Sugar’s vision sweetens risk

Has the wizard of Brentwood finally lost his magic? Alan Michael Sugar, the man who brought us bargain basement stereos that got rid of the spaghetti, cheap personal computers and word processors – and made himself a fortune, once valued at £600m – is at it again. This time he has vowed to bring Internet benefits to the masses.

But oh dear! A wave of the wand revealed not some shiny WAP phone or palm device at one third the usual price, but a boring e-mail product attached to an antediluvian fixed-line phone. The effect was certainly transformative – of Amstrad’s share price. It plummeted.

Sugar is seething. Not for the first time, he has been “misunderstood” by the City. Only this time, the stakes are higher. The em@iler, as it is called, has been dubbed a make-or-break product for Amstrad. And judging from camera-shy Sugar’s unaccustomed willingness to personally promote it to the press, that assessment is not far off the mark.

So who is right in this, the gut-instinct entrepreneur who’s prepared to bet his shirt on it, or the cynical and dismissive City? The reasoned case against the em@iler is that the commercial arithmetic doesn’t add up. Sugar plans to sell the Amstrad product at a loss in order to attain high household penetration. Where Amstrad hopes to coin it is through advertising, which will appear on a screen that remains illuminated all day. Sugar produces some beguiling figures that suggest advertisers will receive a much better return on costs than conventional mail shots. What’s more, the environment in which the ads appear will make viewing them a lot more compelling. It’s a “no-brainer”, he claims.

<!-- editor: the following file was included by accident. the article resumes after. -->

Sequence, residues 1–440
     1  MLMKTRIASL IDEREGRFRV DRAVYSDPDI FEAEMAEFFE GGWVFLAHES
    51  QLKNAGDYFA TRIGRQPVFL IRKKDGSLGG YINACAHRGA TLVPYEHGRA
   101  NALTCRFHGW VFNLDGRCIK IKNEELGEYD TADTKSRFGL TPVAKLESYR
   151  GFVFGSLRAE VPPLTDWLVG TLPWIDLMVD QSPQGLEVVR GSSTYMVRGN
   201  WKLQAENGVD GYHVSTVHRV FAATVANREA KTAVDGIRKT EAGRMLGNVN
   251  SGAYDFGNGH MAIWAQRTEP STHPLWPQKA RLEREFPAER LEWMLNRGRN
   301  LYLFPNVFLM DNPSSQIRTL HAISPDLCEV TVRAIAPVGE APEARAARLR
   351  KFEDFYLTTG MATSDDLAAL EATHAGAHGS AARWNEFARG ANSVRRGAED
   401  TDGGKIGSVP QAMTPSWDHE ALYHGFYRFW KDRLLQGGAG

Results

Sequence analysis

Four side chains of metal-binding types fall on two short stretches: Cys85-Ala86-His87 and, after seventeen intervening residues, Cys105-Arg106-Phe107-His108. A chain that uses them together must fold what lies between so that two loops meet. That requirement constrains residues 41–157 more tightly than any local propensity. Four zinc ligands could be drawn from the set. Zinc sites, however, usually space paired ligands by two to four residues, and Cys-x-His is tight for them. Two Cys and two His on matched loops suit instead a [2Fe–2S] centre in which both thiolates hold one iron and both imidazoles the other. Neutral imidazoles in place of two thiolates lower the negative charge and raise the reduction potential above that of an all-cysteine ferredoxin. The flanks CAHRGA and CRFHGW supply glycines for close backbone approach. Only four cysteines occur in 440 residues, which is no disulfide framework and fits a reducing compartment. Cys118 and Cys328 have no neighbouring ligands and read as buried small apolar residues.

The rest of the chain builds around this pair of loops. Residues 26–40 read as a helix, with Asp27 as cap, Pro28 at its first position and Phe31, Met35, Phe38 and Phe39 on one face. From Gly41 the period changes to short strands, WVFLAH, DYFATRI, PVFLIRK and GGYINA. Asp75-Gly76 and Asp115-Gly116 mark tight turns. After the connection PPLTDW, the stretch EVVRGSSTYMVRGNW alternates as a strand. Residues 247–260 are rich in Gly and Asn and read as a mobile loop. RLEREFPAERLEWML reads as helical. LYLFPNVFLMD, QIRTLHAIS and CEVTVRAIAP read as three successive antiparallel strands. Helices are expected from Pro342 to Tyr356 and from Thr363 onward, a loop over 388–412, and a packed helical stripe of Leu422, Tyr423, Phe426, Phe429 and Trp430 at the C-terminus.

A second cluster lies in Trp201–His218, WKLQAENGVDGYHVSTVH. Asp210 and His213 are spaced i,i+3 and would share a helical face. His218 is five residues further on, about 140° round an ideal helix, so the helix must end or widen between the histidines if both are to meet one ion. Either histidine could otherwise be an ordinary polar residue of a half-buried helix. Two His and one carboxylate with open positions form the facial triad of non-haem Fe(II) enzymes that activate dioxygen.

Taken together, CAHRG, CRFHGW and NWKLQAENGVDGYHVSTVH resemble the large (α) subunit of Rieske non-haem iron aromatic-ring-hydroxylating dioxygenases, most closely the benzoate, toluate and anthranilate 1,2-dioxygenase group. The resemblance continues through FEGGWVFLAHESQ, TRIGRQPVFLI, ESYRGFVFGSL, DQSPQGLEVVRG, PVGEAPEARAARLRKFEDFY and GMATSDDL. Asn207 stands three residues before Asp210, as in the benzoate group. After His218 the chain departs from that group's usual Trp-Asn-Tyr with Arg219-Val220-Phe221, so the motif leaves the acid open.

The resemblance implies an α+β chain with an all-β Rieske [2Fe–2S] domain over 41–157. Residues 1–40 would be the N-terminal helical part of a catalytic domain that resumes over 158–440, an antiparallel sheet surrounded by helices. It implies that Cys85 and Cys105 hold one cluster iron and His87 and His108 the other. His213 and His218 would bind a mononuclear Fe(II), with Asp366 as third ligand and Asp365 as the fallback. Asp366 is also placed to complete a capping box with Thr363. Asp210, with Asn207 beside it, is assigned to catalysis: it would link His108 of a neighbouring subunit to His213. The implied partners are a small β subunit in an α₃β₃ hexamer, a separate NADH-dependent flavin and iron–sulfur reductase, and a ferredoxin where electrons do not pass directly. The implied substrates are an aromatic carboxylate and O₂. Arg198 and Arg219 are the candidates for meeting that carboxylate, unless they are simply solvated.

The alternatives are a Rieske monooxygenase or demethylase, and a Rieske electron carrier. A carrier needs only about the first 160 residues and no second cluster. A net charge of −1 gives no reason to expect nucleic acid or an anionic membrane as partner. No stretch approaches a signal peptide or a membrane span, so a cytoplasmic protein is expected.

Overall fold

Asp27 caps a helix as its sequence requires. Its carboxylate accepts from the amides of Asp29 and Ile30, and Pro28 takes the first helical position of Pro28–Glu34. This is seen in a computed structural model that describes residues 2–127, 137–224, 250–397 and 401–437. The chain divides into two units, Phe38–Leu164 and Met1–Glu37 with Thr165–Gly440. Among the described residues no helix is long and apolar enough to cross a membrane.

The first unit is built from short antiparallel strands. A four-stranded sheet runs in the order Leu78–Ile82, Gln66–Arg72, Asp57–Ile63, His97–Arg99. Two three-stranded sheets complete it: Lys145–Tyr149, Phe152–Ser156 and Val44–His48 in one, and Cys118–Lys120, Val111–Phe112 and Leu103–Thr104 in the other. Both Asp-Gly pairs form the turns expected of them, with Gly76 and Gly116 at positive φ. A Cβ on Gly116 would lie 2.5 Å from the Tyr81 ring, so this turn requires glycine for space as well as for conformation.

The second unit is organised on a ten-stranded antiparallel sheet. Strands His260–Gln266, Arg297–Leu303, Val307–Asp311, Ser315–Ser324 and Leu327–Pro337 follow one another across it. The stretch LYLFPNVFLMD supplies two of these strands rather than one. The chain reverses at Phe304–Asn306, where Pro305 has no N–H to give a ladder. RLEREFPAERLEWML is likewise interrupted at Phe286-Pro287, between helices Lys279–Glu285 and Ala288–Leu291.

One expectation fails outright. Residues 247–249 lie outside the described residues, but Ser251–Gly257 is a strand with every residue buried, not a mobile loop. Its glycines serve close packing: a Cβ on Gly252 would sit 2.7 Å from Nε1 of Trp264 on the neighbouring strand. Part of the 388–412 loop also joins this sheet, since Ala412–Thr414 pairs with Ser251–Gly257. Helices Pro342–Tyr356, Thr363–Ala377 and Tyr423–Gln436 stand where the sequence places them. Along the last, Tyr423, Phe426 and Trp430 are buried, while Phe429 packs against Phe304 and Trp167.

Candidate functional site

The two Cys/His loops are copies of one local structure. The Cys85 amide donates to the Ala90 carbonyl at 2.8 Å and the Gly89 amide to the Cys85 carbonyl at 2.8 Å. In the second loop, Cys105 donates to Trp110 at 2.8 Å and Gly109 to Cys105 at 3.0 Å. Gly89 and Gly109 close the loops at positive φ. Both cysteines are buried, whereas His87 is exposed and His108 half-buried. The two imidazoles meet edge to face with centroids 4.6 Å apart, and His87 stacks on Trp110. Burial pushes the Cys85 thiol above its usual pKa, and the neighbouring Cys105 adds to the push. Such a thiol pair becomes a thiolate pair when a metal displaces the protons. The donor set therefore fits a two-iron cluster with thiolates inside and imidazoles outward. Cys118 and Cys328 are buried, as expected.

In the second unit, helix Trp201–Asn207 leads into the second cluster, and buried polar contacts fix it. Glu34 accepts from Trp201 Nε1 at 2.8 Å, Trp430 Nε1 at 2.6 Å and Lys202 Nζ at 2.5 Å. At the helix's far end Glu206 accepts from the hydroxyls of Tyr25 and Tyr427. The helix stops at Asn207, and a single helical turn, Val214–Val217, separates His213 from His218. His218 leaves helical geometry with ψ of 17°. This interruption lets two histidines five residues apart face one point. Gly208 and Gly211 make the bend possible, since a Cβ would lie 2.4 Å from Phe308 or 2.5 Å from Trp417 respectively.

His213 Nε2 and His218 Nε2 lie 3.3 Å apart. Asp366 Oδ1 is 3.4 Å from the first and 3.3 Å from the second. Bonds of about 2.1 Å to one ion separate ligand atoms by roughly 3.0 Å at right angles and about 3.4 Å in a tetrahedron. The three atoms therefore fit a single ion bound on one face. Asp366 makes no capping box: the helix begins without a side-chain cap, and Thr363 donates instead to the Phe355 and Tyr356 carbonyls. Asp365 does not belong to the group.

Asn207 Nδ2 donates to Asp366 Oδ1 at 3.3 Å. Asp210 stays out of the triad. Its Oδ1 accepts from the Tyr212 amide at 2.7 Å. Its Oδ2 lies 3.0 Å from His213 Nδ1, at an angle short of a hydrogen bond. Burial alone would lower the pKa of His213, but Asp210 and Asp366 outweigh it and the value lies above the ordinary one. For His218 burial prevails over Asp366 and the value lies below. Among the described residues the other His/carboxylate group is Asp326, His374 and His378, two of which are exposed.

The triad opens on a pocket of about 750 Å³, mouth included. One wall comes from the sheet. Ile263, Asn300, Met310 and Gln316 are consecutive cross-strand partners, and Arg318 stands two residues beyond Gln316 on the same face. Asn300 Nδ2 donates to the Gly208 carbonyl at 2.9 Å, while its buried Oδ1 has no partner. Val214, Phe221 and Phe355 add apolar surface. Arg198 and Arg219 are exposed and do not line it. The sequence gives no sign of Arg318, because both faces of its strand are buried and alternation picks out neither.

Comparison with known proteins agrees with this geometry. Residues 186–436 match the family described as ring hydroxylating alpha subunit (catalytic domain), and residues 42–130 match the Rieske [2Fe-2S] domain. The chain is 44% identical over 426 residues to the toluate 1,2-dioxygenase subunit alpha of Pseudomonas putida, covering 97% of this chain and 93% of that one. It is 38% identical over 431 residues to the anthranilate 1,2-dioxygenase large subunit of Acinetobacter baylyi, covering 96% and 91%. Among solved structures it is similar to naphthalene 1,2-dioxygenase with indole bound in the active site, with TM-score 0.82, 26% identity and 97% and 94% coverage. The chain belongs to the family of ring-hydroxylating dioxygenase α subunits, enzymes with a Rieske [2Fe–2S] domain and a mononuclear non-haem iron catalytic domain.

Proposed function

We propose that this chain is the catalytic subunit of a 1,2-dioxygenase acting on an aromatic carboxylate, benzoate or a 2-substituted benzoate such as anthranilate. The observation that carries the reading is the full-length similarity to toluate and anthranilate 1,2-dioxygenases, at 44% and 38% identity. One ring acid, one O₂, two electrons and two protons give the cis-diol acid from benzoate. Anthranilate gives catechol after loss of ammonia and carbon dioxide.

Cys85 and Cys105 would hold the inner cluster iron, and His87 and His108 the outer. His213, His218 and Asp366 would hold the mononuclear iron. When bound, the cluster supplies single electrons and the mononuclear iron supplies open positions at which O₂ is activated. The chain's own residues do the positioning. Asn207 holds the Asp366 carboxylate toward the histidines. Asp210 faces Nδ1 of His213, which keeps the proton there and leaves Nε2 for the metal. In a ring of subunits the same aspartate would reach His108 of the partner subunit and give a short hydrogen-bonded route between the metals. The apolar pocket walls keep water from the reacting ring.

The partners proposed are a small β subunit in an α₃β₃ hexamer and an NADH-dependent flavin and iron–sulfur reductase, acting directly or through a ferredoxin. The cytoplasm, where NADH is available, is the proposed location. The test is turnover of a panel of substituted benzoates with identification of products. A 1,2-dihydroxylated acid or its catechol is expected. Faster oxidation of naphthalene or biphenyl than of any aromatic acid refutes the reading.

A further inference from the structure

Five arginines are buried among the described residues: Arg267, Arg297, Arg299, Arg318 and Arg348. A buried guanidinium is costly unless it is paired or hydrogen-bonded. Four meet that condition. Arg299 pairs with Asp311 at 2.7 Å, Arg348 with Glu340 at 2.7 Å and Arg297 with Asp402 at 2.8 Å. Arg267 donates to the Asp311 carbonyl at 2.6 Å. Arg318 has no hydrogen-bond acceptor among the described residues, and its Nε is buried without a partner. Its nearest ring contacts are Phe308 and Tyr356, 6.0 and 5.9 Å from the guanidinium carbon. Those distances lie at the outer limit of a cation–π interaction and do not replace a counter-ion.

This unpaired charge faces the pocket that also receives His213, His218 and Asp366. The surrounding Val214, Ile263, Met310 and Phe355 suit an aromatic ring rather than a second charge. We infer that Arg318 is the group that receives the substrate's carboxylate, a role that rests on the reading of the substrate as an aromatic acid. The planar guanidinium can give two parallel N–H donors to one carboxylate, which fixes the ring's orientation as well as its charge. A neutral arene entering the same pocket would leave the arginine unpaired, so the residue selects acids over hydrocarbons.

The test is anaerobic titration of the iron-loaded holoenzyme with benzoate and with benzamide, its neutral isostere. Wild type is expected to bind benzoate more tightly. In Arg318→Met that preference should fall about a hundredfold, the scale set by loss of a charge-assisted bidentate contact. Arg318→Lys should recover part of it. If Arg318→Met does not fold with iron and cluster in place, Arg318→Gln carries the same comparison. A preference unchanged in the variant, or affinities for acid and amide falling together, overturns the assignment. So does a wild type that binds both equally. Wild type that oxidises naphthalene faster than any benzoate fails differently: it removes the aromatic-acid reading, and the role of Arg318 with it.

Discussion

For advertisers maybe, say the sceptics, but not for the punters. Poor consumer uptake will mean Sugar’s baby is still-born.

That’s a little harsh and premature, in view of the product’s sell-out success. Sugar has often dealt, successfully, in what seems rather unexciting fare to the technologically initiated. Stereo dust covers and word processors say it all. What’s unique about him is the common touch. In other words, his clarity of vision in stripping down unnecessarily complex products, bristling with “functionality”, so that they appeal to the unsophisticated consumer. The em@iler launch displays exactly this kind of thinking.

Never mind that in the rush to market, reliability sometimes suffers. Reliability has never been a factor seriously holding back Amstrad sales. A more serious criticism of Amstrad is that it risks being left behind by the surging pace of technology.

Where ten or 15 years ago it was relatively easy to surf, then quit, the latest fad, now the risks are much greater. The Amstrad satellite receiver, which quickly went obsolete because it could receive only 16 channels, is a good case in point. Indeed, Amstrad overall has a slightly old-fashioned feel about it when contrasted with new economy enterprises. It is preoccupied with hardware solutions rather than killer software applications.

Then again, unlike most of its sector brethren, it knows how to turn a profit. There’s nothing old-fashioned about that.

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